Articles Posted in US Court of Appeals for the Eighth Circuit

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Hospitals challenged the method the Secretary used to calculate the volume-decrease adjustment (VDA) for certain fiscal years during the mid-2000s, as well as the Administrator's classification of certain costs as variable costs when calculating the adjustment. The Eighth Circuit affirmed the district court's decision to uphold the Secretary's actions and held that the Secretary's interpretation of the relevant regulations was a reasonable interpretation of the plain language of the Medicare statute. Given the lack of guidance in the statute and the substantial deference the court affords to the agency, the Secretary's decision reasonably complied with the mandate to provide full compensation. That the Secretary has prospectively adopted a new interpretation was not a sufficient reason to find the Secretary's prior interpretation arbitrary or capricious. The court also held that the Secretary's interpretation of the relevant regulations in these cases was clearly consistent with their text, and the costs at issue were reasonably classified as variable costs. View "Unity HealthCare v. Azar" on Justia Law

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The Eighth Circuit affirmed the district court's partial grant of summary judgment for Children's Hospitals and decision to vacate a Medicaid policy, Frequently Asked Question 33, which explained how to calculate a hospital's uncompensated medical care costs. The court held that by imposing new reporting requirements for private insurance payments, Question 33 expanded the footprint of 42 C.F.R. 447.299 and thus constituted a substantive change in the regulation. The court explained that section 447.299 has specific language explicitly stating what payments must be deducted from each hospital's "total cost of care," and the Secretary's own definition of "uncompensated care costs" did not include private insurance payments. The court declined to read substantive changes into the regulation under the guise of interpretation. Furthermore, the court joined the First and Fourth Circuits in concluding that Question 33 was a legislative rule that was not adopted in accordance with the procedure required by law and thus must be set aside, notwithstanding the Secretary's policy arguments to the contrary. View "Children's Health Care v. Centers for Medicare and Medicaid Services" on Justia Law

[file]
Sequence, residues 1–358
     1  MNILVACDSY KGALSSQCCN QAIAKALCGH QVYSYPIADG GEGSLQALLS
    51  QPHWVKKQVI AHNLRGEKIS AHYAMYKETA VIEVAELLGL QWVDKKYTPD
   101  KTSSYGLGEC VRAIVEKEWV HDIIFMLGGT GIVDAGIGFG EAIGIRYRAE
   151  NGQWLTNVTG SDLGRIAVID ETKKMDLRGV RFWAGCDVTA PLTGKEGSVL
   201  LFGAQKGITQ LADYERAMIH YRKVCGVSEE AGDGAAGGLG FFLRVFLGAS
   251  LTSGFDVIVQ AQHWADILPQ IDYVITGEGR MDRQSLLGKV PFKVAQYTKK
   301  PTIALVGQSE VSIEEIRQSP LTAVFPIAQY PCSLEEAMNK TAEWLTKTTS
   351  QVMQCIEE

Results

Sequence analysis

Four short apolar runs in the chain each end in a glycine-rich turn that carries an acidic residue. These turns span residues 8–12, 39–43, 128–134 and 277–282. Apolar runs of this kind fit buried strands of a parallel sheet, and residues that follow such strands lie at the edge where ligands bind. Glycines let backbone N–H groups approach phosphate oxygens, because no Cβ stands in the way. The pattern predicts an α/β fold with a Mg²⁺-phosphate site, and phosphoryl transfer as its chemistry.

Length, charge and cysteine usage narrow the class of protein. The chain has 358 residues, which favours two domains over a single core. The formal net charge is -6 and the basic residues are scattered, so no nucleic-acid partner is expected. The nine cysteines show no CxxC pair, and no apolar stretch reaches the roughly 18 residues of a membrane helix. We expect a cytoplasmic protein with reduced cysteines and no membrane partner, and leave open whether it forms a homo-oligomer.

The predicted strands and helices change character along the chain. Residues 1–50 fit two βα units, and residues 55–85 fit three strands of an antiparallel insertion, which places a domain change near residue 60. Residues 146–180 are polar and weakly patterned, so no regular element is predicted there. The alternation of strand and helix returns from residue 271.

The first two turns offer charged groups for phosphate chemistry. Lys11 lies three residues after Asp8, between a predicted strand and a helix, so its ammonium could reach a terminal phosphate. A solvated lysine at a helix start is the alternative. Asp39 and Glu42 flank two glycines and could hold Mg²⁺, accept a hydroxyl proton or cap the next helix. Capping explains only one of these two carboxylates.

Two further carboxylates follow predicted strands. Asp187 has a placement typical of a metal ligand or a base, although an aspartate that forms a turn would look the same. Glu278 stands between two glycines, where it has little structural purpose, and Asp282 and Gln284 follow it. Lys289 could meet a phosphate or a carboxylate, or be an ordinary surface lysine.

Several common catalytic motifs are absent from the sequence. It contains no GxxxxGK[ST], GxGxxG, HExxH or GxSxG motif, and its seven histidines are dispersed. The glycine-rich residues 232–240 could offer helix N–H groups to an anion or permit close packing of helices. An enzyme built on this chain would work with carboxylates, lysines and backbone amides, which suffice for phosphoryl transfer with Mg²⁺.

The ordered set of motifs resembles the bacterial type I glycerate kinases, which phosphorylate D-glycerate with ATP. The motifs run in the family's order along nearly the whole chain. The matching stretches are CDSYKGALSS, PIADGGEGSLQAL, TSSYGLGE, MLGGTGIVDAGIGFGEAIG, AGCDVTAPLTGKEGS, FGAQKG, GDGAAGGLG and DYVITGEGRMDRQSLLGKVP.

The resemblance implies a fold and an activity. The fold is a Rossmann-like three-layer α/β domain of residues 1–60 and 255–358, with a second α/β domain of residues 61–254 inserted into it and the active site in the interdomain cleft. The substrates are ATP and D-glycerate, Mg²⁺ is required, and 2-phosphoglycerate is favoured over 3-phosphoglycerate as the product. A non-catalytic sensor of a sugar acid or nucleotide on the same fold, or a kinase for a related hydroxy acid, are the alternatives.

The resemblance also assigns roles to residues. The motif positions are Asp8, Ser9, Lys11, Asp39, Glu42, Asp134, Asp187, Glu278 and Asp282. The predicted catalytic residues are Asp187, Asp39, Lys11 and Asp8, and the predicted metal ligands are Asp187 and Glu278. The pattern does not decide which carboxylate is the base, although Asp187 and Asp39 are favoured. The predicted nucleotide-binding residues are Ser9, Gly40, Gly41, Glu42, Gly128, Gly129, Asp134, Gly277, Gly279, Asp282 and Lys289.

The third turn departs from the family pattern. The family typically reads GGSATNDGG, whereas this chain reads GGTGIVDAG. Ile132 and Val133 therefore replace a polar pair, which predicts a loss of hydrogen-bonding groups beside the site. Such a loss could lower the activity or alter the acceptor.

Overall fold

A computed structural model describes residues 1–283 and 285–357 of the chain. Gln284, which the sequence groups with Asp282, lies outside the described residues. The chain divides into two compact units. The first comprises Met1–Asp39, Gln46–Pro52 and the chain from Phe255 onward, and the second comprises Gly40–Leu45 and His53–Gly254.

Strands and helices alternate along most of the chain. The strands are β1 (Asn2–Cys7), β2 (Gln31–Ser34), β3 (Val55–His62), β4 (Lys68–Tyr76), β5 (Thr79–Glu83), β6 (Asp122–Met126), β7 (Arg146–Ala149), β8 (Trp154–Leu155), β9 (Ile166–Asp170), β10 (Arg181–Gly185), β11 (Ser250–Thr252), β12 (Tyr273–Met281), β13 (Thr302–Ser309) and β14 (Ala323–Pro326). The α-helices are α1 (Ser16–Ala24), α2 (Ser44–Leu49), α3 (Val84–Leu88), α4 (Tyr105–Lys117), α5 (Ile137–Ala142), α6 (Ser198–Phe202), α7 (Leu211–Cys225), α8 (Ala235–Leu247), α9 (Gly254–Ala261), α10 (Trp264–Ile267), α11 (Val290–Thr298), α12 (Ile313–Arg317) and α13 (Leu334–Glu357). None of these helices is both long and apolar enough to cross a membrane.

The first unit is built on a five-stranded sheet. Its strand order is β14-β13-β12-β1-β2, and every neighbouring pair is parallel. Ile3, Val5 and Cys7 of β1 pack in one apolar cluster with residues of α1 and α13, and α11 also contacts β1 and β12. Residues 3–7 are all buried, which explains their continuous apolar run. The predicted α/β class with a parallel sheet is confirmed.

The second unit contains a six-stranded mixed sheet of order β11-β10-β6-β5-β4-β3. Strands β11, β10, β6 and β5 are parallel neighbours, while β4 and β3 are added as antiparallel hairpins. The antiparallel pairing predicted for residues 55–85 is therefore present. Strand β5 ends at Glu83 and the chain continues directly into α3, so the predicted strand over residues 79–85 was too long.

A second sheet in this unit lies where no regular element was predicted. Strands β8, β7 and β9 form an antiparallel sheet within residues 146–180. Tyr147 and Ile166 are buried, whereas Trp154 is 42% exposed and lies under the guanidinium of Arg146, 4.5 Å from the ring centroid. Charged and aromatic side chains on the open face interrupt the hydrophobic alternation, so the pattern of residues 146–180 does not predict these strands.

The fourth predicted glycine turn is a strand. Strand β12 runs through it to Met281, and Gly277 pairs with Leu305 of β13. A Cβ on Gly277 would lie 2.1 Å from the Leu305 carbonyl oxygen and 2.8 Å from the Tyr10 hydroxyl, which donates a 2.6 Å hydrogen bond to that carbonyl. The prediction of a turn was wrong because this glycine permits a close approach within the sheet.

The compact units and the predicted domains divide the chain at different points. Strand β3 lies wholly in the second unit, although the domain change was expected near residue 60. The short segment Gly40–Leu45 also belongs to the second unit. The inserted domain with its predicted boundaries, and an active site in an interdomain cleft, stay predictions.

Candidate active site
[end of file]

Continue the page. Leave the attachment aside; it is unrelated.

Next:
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The 2013 Public Employment Labor Relations Act (PELRA) did not infringe on the First Amendment rights of a group of parents who provide home care services to their disabled children. PELRA applied to persons who provide in-home care to disabled Medicaid recipients, and authorized covered employees to organize and to designate by majority vote an exclusive representative to negotiate employment terms with the state. The parents complained that the Act unconstitutionally compelled them to associate with the exclusive negotiating representative. Determining that the parents had Article III standing, the Eighth Circuit affirmed the district court's judgment and held that, under Minnesota State Board for Community Colleges v. Knight, the current version of PELRA allowed the homecare providers to form their own advocacy groups independent of the exclusive representative, and it did not require any provider to join the union. Therefore, the state did not impinge on the parents' right not to associate by recognizing an exclusive negotiating representative. View "Bierman v. Dayton" on Justia Law

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The Eighth Circuit granted Bussen's petition for review of the MSHA's issuance of a citation to Bussen. In this case, the Secretary claimed that Bussen violated federal regulation 30 C.F.R. 56.15005, which requires the use of certain fall-protection equipment at surface metal and nonmetal mines when working where there is a danger of falling. The court held that there was no evidence to support a conclusion that any miner approached the highwall edge when moving the pump cart or were otherwise working without safety belts and lines where there was a danger of falling. Therefore, substantial evidence did not support the ALJ's finding that Bussen violated section 56.15005. View "Bussen Quarries, Inc. v. Acosta" on Justia Law

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The Eighth Circuit affirmed the district court's grant of judgment on the pleadings to the Med and Avectus in a class action suit alleging that both federal and Arkansas Medicaid laws prohibited the Med from directly billing Medicaid beneficiaries. The court held that federal law did not bar the Med from attempting recovery from plaintiff or a liable third party because the Med had opted not to bill and to accept payment from Arkansas Medicaid. The court also held that, like the federal provisions, the Arkansas Medicaid statutes do not prohibit a medical provider from foregoing Medicaid’s guaranteed payment for covered services and opting instead to bill the patient or liable third parties directly. View "Robinett v. Shelby County Healthcare Corp." on Justia Law

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Act 900, Arkansas Code Annotated 17-92-507, an amendment to the state's then-existing maximum allowable cost (MAC) law that governed the conduct of pharmacy benefits managers, was preempted by the Employee Retirement Income Security Act (ERISA) and Medicare Part D statutes. The Eighth Circuit affirmed the district court's ERISA ruling in this case, but reversed the Medicare Part D ruling. The court remanded for entry of judgment for PCMA. View "Pharmaceutical Care Management v. Rutledge" on Justia Law